Few artistes can claim to have ever grown up, Neverland the only goal of most. And my kids are a helluva lot cuter.

art collegia delenda est

"...my kids are a helluva lot cuter."

That was spoken like a typical grandparent, Mr. Frazell---one who always thinks his grand babies are cuter than someone else's and that what he has to say is more important (and better) than what anyone else might think. Between you and Billy Wray, it's a wonder anyone else can get a word in wedgewise.

Dont have any grandkids, at least I hope not. My boys are just grownup, or at least young men, 20 and 24. My eldest, a Leiutenant in the Navy, Annapolis grad, about to go to medical school, is 25 on Halloween. Scary thought indeed. But he will get the badge of full adulthood then, no one is a true Man or Woman before 25. And then we get snotnosed brats from art schools who think they can say something, from truly empty heads, upon graduation from their daycare centers. My boys know better.

But considering he is in Guantanmo Bay and adjutant to the commander there, he gets the full manhood award at the earliest poosible date. Most never grow up, right Cate?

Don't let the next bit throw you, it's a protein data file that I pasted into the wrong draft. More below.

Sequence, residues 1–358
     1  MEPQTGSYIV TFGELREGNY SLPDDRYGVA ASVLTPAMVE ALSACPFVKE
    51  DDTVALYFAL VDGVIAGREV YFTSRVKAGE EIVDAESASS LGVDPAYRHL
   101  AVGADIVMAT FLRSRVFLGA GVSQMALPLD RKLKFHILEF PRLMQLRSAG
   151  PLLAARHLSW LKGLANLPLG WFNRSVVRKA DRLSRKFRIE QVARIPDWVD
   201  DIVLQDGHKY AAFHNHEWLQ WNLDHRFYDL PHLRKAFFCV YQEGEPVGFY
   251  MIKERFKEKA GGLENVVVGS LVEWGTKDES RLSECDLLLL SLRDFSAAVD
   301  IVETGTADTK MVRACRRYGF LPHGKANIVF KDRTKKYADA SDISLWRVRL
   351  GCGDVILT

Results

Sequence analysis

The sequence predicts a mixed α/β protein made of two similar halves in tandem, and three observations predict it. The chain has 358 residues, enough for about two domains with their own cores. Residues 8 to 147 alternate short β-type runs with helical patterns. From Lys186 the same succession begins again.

the younger, eh, may take a little while longer, but one can always hope. Should be starting PG at UCLA, instead our childhood friend, and his back up, Jerime is. Kids.

And yes, they were both a helluva lot cuter, lil swirls(Obama calls mutts) that they are. Its a LBC thing. Go Jrabbits and Bruins! Far more interesting, and passionate than anorexic metrosexual artistes

art collegia delenda est

I once said something like, "Here's to growing younger every day." Now you seem to paint that as my epithet. It's actually a contradiction because you just won't let me live it down, Mr. Frazell. I apologize if I've ever insulted you or your work (here or elsewhere) in a comment made out of ignorance. I'm attempting to correct that, if you'd let me.